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Mon February 11, 2013
Compromise Gun Background Check Bill Could Reach House Floor This Week
The momentum is picking up for legislation that would tighten background checks on gun sales, and it could be brought to the floor of the House this week. The compromise bill has some Republican lawmakers' and the governor's support.
Albuquerque Representative Miguel P. Garcia is the sponsor of the bill which mandates background checks at gun shows and removes the provision to have the Department of Public Safety handle the checks. Instead the onus would be placed on the gun seller to get approval of the sale.
"They will need to locate a federal firearm licensee at the gun show and do the sale through the FFL."
Garcia's original bill also called for background checks in private transactions, but the compromise measure deleted that requirement. How to keep guns away from mentally unstable people is also more clearly spelled out in the substitute bill. It mandates that the Administrative Office of the Courts report each case to the FBI:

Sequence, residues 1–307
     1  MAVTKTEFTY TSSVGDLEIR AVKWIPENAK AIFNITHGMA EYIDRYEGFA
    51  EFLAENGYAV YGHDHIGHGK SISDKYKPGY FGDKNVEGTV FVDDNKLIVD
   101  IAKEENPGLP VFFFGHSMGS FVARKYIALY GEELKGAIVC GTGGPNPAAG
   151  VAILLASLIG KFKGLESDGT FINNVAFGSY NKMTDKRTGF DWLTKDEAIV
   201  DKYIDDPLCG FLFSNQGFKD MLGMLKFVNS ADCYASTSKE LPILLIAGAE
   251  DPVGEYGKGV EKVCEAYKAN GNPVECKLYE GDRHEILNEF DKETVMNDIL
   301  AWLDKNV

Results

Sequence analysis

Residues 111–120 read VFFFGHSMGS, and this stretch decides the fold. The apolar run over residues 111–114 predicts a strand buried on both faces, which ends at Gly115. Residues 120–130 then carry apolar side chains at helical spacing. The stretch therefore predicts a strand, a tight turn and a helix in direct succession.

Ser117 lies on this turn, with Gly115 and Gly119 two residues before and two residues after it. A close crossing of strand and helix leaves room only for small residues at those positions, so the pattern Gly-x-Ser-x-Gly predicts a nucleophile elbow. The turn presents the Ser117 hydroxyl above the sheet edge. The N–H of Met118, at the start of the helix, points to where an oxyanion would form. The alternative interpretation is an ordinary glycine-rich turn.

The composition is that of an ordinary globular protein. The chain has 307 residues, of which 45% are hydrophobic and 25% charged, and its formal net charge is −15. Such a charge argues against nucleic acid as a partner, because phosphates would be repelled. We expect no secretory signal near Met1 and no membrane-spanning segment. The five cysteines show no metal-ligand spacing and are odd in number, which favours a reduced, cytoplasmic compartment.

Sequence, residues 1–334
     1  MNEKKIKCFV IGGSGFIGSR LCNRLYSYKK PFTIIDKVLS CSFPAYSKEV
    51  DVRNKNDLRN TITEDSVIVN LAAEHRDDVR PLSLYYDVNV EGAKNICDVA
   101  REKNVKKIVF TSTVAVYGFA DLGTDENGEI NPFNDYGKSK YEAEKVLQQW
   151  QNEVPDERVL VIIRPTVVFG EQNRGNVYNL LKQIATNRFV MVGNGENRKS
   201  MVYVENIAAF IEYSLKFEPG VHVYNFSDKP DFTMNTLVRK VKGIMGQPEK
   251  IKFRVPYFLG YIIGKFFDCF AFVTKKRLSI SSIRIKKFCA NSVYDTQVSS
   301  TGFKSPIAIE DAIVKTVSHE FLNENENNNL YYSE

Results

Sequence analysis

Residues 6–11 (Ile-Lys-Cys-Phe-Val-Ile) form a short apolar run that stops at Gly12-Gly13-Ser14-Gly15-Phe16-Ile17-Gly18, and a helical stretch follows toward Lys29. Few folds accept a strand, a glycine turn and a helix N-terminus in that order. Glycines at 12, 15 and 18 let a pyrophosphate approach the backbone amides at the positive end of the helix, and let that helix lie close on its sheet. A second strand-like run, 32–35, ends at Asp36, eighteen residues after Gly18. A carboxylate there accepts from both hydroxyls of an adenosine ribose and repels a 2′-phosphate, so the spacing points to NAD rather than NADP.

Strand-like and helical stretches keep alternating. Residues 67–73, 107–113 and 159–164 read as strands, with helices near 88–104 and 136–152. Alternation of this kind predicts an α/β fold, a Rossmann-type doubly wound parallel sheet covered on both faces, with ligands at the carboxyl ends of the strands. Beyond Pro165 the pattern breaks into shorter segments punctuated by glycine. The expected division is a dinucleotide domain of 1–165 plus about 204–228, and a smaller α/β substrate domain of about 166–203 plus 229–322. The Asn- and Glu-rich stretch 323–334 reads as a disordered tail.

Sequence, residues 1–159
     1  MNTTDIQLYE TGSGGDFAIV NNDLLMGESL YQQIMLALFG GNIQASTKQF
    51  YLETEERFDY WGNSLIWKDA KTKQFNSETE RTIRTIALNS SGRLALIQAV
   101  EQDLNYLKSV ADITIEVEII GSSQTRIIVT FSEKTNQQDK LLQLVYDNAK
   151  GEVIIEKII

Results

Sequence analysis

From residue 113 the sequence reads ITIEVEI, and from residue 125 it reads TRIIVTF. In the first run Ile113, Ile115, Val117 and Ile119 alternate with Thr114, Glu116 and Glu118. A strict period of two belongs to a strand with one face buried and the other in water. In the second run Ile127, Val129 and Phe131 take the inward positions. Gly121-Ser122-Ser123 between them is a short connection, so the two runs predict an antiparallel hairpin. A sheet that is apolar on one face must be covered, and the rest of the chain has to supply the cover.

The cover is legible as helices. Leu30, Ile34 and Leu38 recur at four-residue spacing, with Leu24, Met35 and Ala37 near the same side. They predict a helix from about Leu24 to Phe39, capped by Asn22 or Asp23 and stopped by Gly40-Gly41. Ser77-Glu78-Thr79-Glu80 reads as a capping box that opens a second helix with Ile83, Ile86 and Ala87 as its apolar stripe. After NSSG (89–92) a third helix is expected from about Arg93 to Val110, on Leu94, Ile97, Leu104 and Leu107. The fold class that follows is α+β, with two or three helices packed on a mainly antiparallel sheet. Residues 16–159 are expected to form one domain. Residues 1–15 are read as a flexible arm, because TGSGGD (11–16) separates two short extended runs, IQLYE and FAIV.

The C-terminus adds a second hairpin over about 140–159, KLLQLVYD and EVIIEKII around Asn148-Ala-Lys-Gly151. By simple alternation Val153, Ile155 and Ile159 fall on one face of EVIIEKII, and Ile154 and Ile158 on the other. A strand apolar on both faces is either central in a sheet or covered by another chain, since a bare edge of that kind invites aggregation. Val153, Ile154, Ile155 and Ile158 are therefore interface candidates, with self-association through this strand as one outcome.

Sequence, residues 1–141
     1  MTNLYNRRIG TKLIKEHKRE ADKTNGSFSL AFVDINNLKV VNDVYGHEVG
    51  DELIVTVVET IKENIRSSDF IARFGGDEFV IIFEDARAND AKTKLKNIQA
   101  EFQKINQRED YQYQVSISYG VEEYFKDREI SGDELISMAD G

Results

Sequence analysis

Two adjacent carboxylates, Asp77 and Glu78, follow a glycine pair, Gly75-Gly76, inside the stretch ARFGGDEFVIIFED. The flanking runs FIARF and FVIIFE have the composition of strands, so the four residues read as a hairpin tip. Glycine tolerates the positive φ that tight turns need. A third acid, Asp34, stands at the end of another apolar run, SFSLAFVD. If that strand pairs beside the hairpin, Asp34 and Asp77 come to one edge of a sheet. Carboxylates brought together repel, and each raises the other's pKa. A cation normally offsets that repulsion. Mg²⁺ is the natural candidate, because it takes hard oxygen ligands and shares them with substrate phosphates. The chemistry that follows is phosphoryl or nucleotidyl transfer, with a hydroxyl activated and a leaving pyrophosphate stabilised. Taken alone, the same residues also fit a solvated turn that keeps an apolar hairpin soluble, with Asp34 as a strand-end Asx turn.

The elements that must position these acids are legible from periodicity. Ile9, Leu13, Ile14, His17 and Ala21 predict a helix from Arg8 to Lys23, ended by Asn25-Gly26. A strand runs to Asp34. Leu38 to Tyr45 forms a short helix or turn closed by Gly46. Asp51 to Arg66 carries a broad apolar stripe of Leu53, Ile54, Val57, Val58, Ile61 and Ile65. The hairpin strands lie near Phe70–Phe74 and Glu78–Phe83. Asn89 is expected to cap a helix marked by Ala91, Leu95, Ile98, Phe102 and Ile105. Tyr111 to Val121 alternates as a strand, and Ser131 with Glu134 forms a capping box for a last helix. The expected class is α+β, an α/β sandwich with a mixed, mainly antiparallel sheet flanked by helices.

"They're the ones that compile the data and have to provide current data to the FBI to the NIX database as that data is made available to them. They were doing that, but it wasn't codified, we didn't have it in statute, and that's what the governor wanted."
Governor Martinez underscored her approval of those changes to the bill on Monday:
"Certainly the important piece was to make sure that, um, the federal government when they do do a background check, that folks that have been declared mentally ill, um, through the court system is part of that information received to anyone who is selling a gun, and so that gun doesn't go to that individual or to anyone who has committed a felony."
Even though the governor supports the current version of the bill, Carlsbad Republican Representative Cathryn Brown - a Judiciary committee member - voted no, and declined to be interviewed on her position. Representative Garcia said since there is no longer a cost to the state for the gun show background checks, he hopes his compromise bill will bypass House Appropriations and be heard by the full House, perhaps as early as this week.